The strategy behind remote onboarding
With the widespread adoption of flexible working patterns (such as remote and hybrid working), remote onboarding has become a recognised approach and part of the new ‘normal’. Remote onboarding activities begin as soon as an offer is made to the employee and continues until the employee becomes a productive member of your organisation. But there is a marked difference between onboarding employees in an office location and remote onboarding. The real challenge is to create an atmosphere of harmony on the first day without physical face-to-face interaction with the other employees. Therefore, committing to a well-designed remote onboarding strategy is significantly influential in ensuring the success of remote and hybrid working. Onboarding remotely is a journey for new hires and can last as long as three months for many organisations. It involves presenting well-structured, clear expectations from both them and you as their new employer and should be orderly, straightforward, and easy to follow.
Impact on HR and the wider organisation
The approach and processes to remotely onboard a new employee can affect many aspects of HR and the wider organisation and should therefore be well planned and executed.
- Employee engagement, which acts as a qualitative measure of an employee’s enthusiasm, confidence, eagerness, and productivity, can be significantly influenced through the remote onboarding process, provided that it is a positive experience.
- Executed correctly, remote onboarding can boost an individual’s confidence and create a positive environment and atmosphere from the outset of their employment, contributing to employee performance and thus to the company’s overall goals.
- Onboarding is also a strategic driver in employee retention and can affect employee morale, loyalty, and business efficiency, not to mention the costs incurred in the recruitment process and upskilling of new hires in the long run. In addition, by properly onboarding new employees, they feel that they are appreciated and that you want them and their contributions to your business.
- Remote workers often fear being left out of the team and experience a feeling of disconnect. Therefore, companies should strive to create a friendly and comfortable environment through frequent video calls and web conferences to avoid such situations.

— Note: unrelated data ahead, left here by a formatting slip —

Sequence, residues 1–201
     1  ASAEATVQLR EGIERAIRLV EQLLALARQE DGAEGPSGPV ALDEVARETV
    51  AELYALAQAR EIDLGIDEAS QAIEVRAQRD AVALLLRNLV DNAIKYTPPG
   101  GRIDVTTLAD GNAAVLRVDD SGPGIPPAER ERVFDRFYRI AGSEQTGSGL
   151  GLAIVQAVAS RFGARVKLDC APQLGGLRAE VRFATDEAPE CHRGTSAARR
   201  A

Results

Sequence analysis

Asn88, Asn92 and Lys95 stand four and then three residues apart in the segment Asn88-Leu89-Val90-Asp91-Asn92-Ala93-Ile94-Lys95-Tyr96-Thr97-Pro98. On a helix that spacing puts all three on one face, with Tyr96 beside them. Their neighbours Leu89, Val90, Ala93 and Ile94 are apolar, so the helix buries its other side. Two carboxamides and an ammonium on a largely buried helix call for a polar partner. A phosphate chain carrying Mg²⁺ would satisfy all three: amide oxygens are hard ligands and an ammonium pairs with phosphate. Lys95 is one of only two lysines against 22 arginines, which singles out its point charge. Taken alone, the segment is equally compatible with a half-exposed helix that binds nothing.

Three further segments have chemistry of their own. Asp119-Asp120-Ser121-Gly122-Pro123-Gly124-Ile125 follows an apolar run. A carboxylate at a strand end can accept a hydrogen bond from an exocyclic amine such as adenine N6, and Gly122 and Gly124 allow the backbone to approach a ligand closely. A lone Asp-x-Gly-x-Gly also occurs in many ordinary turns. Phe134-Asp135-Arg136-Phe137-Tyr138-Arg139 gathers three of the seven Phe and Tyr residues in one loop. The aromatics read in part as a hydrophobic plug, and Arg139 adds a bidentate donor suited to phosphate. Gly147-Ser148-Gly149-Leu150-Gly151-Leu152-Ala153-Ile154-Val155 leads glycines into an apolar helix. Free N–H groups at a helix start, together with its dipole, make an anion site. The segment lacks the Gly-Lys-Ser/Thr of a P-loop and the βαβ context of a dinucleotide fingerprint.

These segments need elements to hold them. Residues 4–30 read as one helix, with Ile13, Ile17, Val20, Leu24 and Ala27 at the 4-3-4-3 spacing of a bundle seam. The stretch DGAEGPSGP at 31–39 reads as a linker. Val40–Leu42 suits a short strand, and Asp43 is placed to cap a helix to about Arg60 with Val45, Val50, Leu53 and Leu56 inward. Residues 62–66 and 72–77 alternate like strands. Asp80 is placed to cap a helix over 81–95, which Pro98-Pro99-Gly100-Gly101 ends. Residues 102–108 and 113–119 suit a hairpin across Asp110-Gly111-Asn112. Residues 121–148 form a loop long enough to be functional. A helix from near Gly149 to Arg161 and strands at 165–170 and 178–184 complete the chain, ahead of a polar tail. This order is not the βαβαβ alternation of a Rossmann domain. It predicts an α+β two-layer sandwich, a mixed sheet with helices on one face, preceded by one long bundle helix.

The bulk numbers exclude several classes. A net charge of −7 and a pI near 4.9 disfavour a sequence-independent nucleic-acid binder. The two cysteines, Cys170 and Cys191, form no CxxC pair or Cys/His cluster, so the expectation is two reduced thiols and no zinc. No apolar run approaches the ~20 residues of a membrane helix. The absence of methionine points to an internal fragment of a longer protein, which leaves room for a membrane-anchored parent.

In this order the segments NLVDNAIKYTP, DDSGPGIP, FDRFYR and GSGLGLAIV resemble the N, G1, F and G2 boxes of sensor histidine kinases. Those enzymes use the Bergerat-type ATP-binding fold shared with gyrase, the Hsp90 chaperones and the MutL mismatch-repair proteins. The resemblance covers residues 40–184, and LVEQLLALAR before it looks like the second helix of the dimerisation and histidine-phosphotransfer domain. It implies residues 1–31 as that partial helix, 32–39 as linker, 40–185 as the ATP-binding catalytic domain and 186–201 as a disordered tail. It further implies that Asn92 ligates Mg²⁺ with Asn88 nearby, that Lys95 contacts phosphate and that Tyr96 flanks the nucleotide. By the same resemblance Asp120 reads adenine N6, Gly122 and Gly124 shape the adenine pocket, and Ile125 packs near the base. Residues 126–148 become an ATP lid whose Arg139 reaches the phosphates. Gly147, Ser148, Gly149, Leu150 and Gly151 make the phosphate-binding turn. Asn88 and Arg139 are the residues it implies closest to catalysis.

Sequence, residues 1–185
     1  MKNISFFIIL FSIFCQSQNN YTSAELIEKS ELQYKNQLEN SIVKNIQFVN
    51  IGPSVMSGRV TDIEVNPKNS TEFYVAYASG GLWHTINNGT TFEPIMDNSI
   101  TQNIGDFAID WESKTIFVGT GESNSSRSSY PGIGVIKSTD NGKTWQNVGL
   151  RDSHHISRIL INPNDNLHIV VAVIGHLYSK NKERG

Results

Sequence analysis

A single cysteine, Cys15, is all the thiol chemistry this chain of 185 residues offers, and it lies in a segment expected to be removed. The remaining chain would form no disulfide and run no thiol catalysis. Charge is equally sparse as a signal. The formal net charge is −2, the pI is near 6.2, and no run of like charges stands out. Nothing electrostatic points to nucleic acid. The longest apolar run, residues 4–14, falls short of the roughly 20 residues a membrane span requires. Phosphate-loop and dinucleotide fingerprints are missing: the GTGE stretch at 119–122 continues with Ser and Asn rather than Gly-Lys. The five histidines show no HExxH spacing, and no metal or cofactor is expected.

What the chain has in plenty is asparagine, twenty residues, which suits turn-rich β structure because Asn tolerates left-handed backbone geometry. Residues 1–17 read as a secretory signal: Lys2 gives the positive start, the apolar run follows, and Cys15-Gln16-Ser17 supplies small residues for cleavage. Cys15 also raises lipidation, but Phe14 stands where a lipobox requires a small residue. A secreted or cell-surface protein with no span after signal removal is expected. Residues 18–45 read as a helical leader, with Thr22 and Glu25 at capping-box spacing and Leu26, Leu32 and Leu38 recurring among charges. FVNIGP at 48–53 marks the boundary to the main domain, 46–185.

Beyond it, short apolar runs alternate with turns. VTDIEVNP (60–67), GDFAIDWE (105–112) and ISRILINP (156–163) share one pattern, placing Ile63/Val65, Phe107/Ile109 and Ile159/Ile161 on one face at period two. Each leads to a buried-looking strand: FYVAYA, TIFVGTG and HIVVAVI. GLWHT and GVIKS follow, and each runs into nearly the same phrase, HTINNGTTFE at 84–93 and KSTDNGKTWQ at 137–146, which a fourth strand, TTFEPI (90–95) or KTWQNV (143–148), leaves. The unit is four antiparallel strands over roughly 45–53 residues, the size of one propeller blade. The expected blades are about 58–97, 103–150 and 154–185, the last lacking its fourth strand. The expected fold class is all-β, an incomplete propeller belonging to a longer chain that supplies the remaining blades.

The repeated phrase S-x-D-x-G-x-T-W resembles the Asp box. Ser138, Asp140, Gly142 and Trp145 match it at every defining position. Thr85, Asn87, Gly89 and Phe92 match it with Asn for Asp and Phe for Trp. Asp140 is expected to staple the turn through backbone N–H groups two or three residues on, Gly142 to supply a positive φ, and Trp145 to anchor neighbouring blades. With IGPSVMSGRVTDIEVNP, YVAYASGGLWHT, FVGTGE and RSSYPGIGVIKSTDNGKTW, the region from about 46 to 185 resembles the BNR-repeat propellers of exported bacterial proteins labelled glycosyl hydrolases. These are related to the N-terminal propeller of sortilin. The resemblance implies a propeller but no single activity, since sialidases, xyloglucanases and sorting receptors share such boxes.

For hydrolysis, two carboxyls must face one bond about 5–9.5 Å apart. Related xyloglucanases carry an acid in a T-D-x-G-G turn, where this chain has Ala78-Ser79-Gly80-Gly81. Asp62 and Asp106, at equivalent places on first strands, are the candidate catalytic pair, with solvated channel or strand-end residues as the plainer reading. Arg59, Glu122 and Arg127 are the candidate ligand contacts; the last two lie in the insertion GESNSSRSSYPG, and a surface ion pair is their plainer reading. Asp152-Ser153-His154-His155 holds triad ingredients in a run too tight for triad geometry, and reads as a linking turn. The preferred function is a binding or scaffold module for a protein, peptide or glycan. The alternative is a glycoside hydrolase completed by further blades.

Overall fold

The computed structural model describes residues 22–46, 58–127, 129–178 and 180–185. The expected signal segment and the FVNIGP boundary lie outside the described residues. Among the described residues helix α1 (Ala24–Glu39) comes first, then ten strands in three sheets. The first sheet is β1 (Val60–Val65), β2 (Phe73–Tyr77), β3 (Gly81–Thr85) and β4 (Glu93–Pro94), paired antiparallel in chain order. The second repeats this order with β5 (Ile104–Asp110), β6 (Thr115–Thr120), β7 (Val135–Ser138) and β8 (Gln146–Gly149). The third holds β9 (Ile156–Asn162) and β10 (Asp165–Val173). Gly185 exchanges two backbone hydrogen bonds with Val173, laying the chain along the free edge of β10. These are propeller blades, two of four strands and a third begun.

- Grasping an understanding of the company culture is a gradual process, and new hires should have the opportunity to engage with other organisation members to get a feel for this.
- New hires, especially those new to remote or hybrid working, can easily feel isolated during the initial onboarding process, and it is important to ensure that they feel supported.
- Setting expectations at the outset concerning the type and level of support they can expect is crucial.
- Although company onboarding may seem monotonous for most managers, they must understand the importance and impact of the process.
Creating a successful rollout of remote onboarding establishes an excellent platform for future employee satisfaction and retention. By creating an engaging environment and seamless experience for new hires during remote onboarding, you can make a positive experience from the outset, setting the pace for future performance and productivity.
Traditionally, onboarding (sometimes referred to as organisational socialisation) relates to how new employees acquire the company’s knowledge, skills, tools and cultural understanding to become an effective employee. Onboarding involves a series of steps and activities that allow new hires to get to know their team and learn about the organisational culture, attitudes, methods, rituals, and tools of their new workplace. In addition, it is an opportunity to provide individuals with a clear view of your business’s mission, vision, and goals and how to align themselves with these. This can help them understand how they can contribute to reaching these goals while adhering to the company’s mission and vision.
There must be a seamless transition from contract signing through to your new hire’s actual start day until they are fully established in their role. If done correctly, this can lead to positive job performance, increased employee commitment, a higher company retention rate, and a lower attrition rate.
This post was written by Tugela People. They are an exhibitor on the Consulting & Advisory Partner floor of the HRTech247 Partners Hall here.